Paris 2024 organizing committee President Tony Estanguet said that the Tokyo Games have given a valuable message to the world through the joy and humanity of the athletes: “Whatever the difficulty of the context, the Games are stronger than anything, and at the end of the day we are all brought [together] to live and share emotions.”
The unique success of the Tokyo Games in adverse circumstances will give Paris valuable confidence to seek its own path.
Aftermath of pandemic
What impact will the Tokyo Games have on the momentum of bidding efforts for future Games?
During the session just before the opening of the Tokyo Olympics, the IOC decided on Brisbane, Australia, as the host for the 2032 Summer Games.
Brisbane was the only candidate to be nominated through a new selection process, in which the IOC had a direct dialogue with interested parties and narrowed down the field to a single candidate.
The selection of Brisbane showed that the IOC was aiming to secure a venue for the Summer Olympics 11 years ahead, foreseeing continued difficulties in both the global economy and state finances in the wake of the coronavirus pandemic.
Meanwhile, Bach suggested there is no need to rush to select the host for the 2030 Winter Olympics, in which Sapporo had shown strong interest earlier. He seems to want time to gauge the various aftereffects of the Tokyo Games.
During the Tokyo Games, some sponsor companies were reluctant to place ads for fear of negative public opinion. They canceled corporate pavilions and hospitality programs due to the no-spectator policy. The benefits for sponsor companies have undoubtedly diminished. The cancellation of their ads also affected host broadcasters and other media. The tourism industry, which had expected to serve the many tourists visiting during the Games, was also hit hard.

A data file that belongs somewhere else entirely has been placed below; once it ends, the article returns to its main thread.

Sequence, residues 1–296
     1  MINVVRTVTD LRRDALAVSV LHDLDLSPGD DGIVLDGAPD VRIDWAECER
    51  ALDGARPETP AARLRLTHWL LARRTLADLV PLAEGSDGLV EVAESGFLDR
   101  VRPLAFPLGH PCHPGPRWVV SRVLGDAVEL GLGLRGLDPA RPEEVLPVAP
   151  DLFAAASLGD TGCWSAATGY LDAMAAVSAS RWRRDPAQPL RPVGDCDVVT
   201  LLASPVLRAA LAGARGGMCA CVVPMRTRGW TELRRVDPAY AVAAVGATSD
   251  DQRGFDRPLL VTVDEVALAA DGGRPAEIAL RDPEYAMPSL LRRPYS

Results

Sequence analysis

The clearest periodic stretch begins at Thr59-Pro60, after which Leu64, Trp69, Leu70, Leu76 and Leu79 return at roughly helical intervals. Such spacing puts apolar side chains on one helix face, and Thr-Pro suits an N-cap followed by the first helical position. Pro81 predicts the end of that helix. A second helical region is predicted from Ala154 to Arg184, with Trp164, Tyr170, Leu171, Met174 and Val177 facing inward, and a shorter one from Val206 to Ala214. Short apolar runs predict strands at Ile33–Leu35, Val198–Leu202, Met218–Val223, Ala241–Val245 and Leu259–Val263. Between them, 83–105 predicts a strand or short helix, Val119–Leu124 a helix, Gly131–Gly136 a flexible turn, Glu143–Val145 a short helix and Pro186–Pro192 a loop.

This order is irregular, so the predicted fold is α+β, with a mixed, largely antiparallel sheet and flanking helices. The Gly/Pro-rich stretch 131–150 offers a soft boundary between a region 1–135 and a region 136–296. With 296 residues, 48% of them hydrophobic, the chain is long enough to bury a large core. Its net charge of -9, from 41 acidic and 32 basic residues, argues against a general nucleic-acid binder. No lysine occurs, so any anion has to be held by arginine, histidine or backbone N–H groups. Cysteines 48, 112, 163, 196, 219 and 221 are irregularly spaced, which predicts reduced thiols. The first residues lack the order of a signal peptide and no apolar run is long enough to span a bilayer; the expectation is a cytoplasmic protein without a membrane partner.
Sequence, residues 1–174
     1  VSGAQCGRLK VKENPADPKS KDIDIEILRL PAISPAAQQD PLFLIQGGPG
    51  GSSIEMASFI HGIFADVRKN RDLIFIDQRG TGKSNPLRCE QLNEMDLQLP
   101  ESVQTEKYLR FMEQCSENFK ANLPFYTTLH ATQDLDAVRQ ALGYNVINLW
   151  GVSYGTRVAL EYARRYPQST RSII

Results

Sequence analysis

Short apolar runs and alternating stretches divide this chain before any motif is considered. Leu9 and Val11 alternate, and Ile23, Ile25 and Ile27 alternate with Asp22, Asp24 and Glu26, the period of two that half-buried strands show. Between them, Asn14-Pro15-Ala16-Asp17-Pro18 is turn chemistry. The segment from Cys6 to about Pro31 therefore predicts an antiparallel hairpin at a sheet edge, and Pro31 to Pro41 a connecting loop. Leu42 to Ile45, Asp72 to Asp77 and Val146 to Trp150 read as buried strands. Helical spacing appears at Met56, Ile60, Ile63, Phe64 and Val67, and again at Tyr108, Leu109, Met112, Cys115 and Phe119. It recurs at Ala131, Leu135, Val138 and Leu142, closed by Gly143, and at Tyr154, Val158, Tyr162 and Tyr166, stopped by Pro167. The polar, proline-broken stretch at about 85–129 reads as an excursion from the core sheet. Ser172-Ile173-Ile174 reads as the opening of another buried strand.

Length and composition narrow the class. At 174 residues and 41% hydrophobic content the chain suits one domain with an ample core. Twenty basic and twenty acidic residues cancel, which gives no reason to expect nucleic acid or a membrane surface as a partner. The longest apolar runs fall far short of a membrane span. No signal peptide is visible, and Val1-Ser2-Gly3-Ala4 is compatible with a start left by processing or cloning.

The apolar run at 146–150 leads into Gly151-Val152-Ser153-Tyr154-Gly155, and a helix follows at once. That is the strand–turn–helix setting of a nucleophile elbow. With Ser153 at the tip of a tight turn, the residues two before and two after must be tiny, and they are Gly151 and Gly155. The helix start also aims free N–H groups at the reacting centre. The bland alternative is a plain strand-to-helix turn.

How will the business sector, after learning the magnitude of such unforeseen risks, enthusiastically support bidding efforts in the future?
Looking at the political side, successful completion of the Tokyo Games did not boost the support rate of then Prime Minister Yoshihide Suga. While it was obvious that his popularity mainly suffered due to the pandemic, how will it affect governments that engage in bidding for future Games?
Trends in public opinion were the key element affecting politicians and sponsors alike. How will public opinion in Japan and around the world evolve regarding future Olympics? When will the coronavirus pandemic, which has been clearly affecting public opinion in this respect, be brought under control?
The fact that Japan kept its promise to the international community and completed the Tokyo Games despite all the difficulties was appreciated and praised by the world. Under normal circumstances, such sympathy and good feelings could have provided a tailwind for Sapporo’s Winter Games bid.
It is important to pay close attention to the ongoing evaluation of the Tokyo Games in various sectors and how it will influence future Games.
■ Wakako Yuki
Yuki has covered the IOC for more than 28 years, reporting on 14 Summer and Winter Olympics and nine Summer and Winter Paralympics since 1994, including the Sydney and Athens Games, to which she was sent as a correspondent. She has been a Yomiuri Shimbun senior writer since 2011. She is a member of the sports council of the Japan Sports Agency, and the vice president of the Japan Olympic Academy.